Newsletter 2022: Guest Lectures: In Person and on Zoom
Wednesday, July 27, 2022
Wednesday, July 27, 2022
It was a bit hard for everyone to adjust to being in the same space together so our first live lecture by Professor Vance Byrd, Presidential Associate Professor of German, with a secondary appointment in History of Art, at the University of Pennsylvania, was a hybrid event, with some faculty and students attending in person and others following on zoom. Professor Byrd’s talk on Feb. 10, 2022, focused on the contemporary artist Mark Bradford’s site-specific work Prickett's Charge and its relationship to Paul Philippoteaux’s Cyclorama at Gettysburg National Military Park in Pennsylvania, a vast painted circular representation of the most famous episode of the 1863 Battle of Gettysburg.
We also were delighted to welcome Angie Epifano, a PhD candidate in African and African Diaspora art at Yale University, to speak about “Building a Post-colonial Guinean Identity: The Enduring Legacy of Samory Toure’” (March 7)
A major public lecture co-sponsored by the College of Humanities and Fine Arts (March 31) was given by the artist Laylah Ali, who teaches at Williams College. Ali is renowned for her “Greenheads” series of gouache paintings addressing themes of interpersonal violence and human brutality through the interaction of abstract, cartoon-like figures with sneakers, priestly robes, military-inspired costumes, and other attributes. Her work relates to important contemporary debates about race, power, and violence in U.S. society.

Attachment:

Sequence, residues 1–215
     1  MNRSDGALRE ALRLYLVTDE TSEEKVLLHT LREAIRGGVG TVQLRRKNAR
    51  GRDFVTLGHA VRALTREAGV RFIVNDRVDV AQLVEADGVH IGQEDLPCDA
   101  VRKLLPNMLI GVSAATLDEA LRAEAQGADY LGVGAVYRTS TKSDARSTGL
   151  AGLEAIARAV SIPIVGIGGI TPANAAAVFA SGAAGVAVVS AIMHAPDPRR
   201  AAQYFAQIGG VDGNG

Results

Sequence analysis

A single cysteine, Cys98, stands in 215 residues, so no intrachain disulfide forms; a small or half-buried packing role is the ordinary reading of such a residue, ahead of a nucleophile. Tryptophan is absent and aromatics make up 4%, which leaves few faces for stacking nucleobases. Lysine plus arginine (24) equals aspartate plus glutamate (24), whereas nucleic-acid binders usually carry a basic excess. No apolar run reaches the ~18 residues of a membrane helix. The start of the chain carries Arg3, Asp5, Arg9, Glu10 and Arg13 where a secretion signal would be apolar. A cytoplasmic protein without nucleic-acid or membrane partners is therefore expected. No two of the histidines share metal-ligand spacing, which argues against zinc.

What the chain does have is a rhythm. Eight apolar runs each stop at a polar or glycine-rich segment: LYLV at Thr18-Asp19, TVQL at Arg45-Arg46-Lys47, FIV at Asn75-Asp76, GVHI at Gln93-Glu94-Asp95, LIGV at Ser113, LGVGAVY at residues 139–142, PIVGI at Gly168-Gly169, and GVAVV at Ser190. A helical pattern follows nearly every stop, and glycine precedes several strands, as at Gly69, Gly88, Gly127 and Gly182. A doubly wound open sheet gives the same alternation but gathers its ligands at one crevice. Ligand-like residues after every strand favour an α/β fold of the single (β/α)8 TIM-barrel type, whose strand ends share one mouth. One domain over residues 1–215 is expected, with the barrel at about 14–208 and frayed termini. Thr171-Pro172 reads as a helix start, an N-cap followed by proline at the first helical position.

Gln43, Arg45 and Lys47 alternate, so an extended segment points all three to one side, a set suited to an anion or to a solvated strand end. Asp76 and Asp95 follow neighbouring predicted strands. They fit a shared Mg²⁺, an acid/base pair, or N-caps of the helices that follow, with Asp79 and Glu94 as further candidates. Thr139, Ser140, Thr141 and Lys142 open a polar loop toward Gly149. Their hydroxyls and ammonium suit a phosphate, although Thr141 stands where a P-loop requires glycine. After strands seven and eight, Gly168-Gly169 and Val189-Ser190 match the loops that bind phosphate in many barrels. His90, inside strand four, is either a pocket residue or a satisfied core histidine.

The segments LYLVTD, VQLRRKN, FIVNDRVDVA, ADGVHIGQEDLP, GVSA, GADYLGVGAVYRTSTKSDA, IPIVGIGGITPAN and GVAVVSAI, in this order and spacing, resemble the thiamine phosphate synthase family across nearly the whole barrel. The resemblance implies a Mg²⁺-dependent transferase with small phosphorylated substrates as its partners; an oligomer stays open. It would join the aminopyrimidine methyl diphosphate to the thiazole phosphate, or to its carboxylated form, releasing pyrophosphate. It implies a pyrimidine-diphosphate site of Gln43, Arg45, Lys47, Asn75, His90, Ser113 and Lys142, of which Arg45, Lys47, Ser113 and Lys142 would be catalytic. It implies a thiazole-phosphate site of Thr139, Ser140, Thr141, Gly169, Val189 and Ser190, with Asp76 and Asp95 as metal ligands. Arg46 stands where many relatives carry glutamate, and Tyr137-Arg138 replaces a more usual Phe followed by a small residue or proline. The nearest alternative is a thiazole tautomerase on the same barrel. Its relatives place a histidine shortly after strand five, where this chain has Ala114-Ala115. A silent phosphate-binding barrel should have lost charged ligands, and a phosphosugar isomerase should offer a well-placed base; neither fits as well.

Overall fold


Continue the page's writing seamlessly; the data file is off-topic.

Finally, towards the end of the academic year we welcomed Barbara Fahs Charles, Principal, Staples & Charles, Washington DC, who delivered the lecture “Eames: The Exhibitions” (April 27). Charles discussed her years working for the famous designers Charles and Ray Eames. She focused in particular on their less well-known involvement in designing major museum and public exhibitions, including the never-built National Aquarium in DC. While in Amherst, Charles also spoke with Professor Denny’s class on Decorative Arts about Eames furniture, and to his Museum Studies Seminar about her considerable experience in exhibition design.
Much as we enjoyed the opportunity to listen to speakers in person, we also recognized the potential of bringing scholars to campus virtually. In the evening of October 4th, Ellen Tani, A.W. Mellon Postdoctoral Fellow at the Center for Advanced Study in the Visual Arts delivered the lecture “Objectified Beyond Recognition: Black Conceptual Practice in the Early Systems Art of Charles Gaines” on zoom, and in the Spring semester, March 1, Medievalist scholar Professor Shirin Fozi (University of Pittsburgh) delivered the online lecture “Eidolon and Anima: Romanesque Portraiture and the Problem of the Soul” in conjunction with the Five College Medieval Studies Faculty Seminar.
Zoom also allowed us to reach a wider audience this year for our annual “Success Stories” discussion by alumni. This year’s event featured Christy Anderson (MA 1985), Professor of Architectural History at the University of Toronto and currently Editor-in-Chief of the Art Bulletin; Anthony Barbera (BA 2012), Director of Business Development at Barbera Insurance; Maggie North (MA 2020), Curator of Art at the Springfield Museums; and Rachel Sweeney (BA 2021), graduate student at the University of North Carolina at Chapel Hill. Another set of alumni joined us for the College of Humanities and Fine Arts online event “Museum 2022: Current Topics and Future Vision.” Speakers included Gisela Carbonell (MA 2002), Curator at the Cornella Fine Arts Museum, Rollins College in Winter Park, Florida; Lan Morgan (BA 2009), Assistant Curator at the Peabody Essex Museum, Salem, MA; Sarah Oh (BA 2015), Public Art and Collections Manager at MIT List Visual Arts Center; and Jill Roberts (BA 1983), IT Project Manager at the National Museum of African American History and Culture, Washington DC.